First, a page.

Arthur Charles Hamilton

- Arthur Charles Hamilton

NEW SCOTLAND — Arthur Charles Hamilton, a decorated World War II veteran who served on Landing Ship, Tank (LST) 980 during D-Day, continued to serve his country and community after he left the Navy. He was a lifetime member of the New Salem Volunteer Fire Department and, in his later years, he became a member of the Patriot Guard Riders.

His friends called him “Sir Art” after he was presented in 2014 with the French Legion of Honor Award in recognition of his role in Operation Overlord, helping to free the people of France.

Mr. Hamilton died peacefully at home on Friday, May 24, 2019. He was 93.

He was born on July 21, 1925, to Charles and Dessie Hawkins Hamilton in Great Bend, Pennsylvania, and was raised in Binghamton, New York. He entered the United States Navy on Oct. 6, 1943, and attended Naval Training School for diesel engines, earning the rating of Motor Machinist Mate 3rd class.

“Art was assigned to Landing Ship, Tank (LST) 980, arriving May 1944 in Europe. In addition to operating and maintaining the ship’s engines, art also operated a 20 mm gun near the wheelhouse,” his family wrote in a tribute. “On D-Day, June 6, 1944, LST 980 was bracketed by bombs from enemy aircraft but managed to escape catastrophic damage, although an unexploded bomb passed through the outer bulkhead and came to rest on an ammunition truck below deck.

“LST 980 continued to its anchoring point, waiting her turn to beach, making its first landing at Juno Beach, followed by additional landings at Juno, Omaha, Gold, and Utah beaches. Throughout the Normandy Invasion, and for several months thereafter, LST 980 shuttled U.S., English, and Canadian troops, ammunition, equipment, vehicles, and prisoners of war between points along the coast of France and various ports in England.

“In January 1945, LST 980 joined a convoy back to Norfolk, Virginia.  For the remainder of the war, and until Art departed the ship in March 1946, LST 980 was assigned primarily to training duties along the east coast of the U.S., the Gulf of Mexico, Caribbean, and Guantanamo Bay. Art was honorably discharged from the Navy on March 26, 1946, having earned the European Theatre Medal with one battle star, the American Theatre Medal, the Victory Medal and the Amphibious Forces Insignia.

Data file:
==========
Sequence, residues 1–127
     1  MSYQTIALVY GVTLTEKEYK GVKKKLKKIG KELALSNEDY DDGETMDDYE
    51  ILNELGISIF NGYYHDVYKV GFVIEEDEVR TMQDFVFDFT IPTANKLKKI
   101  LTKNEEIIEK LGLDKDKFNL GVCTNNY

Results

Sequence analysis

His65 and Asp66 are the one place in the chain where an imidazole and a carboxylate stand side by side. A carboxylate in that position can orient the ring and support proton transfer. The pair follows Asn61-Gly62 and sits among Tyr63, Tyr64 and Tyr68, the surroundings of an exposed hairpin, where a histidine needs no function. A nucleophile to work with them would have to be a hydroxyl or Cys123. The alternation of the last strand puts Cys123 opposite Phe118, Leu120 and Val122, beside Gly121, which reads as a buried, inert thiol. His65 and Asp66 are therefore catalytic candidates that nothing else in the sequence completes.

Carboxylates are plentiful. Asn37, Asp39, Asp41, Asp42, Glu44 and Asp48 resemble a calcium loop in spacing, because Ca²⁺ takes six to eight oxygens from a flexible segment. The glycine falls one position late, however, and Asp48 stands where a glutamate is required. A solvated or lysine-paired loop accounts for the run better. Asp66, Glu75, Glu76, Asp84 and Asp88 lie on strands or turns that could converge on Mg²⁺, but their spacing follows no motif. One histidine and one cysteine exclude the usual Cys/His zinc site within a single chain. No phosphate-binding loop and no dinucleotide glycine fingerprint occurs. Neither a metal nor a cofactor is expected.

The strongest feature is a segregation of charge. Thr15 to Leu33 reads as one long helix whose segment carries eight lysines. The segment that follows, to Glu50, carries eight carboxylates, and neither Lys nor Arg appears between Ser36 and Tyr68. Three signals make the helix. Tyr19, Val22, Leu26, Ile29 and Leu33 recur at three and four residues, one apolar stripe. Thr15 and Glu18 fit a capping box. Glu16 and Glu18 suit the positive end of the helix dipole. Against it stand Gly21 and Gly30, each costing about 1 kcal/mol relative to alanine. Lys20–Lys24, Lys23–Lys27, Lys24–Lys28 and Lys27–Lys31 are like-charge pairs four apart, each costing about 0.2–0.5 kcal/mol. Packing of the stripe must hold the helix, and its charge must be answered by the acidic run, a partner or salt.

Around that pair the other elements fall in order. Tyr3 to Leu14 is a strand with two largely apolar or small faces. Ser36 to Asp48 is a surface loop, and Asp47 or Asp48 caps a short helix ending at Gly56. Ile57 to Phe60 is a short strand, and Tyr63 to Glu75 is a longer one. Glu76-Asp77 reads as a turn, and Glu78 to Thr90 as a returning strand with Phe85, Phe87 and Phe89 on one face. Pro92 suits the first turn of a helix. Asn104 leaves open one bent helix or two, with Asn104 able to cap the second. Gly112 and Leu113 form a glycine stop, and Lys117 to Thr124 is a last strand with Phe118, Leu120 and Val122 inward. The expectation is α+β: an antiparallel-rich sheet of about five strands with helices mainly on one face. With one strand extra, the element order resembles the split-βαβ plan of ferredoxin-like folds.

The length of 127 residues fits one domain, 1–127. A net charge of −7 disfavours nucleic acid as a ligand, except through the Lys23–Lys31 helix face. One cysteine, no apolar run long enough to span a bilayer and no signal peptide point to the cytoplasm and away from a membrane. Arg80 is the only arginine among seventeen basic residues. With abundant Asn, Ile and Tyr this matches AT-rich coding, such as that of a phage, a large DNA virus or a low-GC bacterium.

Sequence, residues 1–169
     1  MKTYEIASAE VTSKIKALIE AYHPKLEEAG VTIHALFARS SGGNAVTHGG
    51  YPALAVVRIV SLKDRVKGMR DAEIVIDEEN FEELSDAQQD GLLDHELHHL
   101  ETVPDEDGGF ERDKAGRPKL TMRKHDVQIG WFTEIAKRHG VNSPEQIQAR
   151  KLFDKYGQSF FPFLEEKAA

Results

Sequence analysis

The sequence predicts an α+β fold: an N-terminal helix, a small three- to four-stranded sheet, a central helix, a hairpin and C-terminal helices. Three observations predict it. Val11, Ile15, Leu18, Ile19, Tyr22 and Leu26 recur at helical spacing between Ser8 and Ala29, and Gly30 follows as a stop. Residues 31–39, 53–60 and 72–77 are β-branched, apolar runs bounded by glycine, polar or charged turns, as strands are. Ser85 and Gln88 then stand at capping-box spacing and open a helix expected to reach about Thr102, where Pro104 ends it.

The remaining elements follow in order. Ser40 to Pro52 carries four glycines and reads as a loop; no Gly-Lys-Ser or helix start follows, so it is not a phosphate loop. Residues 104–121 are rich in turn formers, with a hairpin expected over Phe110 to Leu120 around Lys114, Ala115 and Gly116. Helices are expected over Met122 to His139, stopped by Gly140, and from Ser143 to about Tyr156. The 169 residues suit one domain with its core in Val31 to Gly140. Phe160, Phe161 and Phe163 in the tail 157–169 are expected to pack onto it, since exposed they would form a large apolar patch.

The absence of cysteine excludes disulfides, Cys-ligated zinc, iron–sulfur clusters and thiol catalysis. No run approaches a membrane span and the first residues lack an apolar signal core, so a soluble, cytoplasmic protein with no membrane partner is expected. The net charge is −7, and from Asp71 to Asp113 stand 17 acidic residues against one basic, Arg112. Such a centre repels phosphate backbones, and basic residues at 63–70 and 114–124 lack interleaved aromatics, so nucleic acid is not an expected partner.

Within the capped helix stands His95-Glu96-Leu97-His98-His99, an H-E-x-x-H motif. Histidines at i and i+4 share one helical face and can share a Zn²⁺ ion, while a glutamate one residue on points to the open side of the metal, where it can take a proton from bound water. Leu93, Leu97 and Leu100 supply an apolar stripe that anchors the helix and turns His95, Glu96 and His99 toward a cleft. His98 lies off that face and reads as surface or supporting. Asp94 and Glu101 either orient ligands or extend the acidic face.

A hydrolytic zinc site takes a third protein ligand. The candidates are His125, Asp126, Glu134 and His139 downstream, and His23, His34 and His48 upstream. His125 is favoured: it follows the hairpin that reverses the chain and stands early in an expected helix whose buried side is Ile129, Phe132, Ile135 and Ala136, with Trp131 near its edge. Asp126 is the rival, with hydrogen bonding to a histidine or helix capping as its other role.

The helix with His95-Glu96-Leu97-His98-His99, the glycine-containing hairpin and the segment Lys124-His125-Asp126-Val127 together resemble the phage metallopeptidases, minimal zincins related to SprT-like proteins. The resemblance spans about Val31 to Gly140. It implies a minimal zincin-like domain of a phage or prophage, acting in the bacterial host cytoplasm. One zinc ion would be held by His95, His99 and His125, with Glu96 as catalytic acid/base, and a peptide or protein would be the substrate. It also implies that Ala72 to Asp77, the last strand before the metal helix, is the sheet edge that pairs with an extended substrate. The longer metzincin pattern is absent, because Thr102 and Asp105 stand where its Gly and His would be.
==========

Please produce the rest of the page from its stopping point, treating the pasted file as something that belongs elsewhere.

“After he left the Navy, Art returned to Binghamton and married Betty Weyant, to whom he was married for 72 years.  

“But his service to his country and community did not end with the war.  Art served as a member of the Binghamton Auxiliary Police Force. When he and Betty moved their family to the Albany area in 1959, he became a member of the New Salem Volunteer Fire Department. He was a lifetime member, having served for 47 years, first as a fireman and driver, attaining the positions of Lieutenant, Assistant Fire Chief, and then as Captain of the Fire Police.

“Art also volunteered at the Albany Stratton VA Medical Center, driving the parking-lot shuttle to transport veterans to and from their vehicles; and attending Saturday movie night to talk and watch movies with patients.

“Art became friends with members of the Patriot Guard Riders of New York, who became part of his extended family, and in 2014, Art became a PGR member. For five years, he stood the flag line at funerals for his World War II brothers and sisters and other veterans; at Honor Flight send-off ceremonies (after having gone on a Leatherstocking Honor Flight himself in 2013); and other missions.

“He was known for being persistent and refusing to give in, even when in his nineties he stood for far too long holding his flag in the wind, the heat, or the cold in honor of his fellow veterans. He even rode on the back of a motorcycle from time to time to attend missions, having owned three motorcycles many years ago. One of his favorite sounds was that of motorcycles coming up the driveway when his friends dropped by.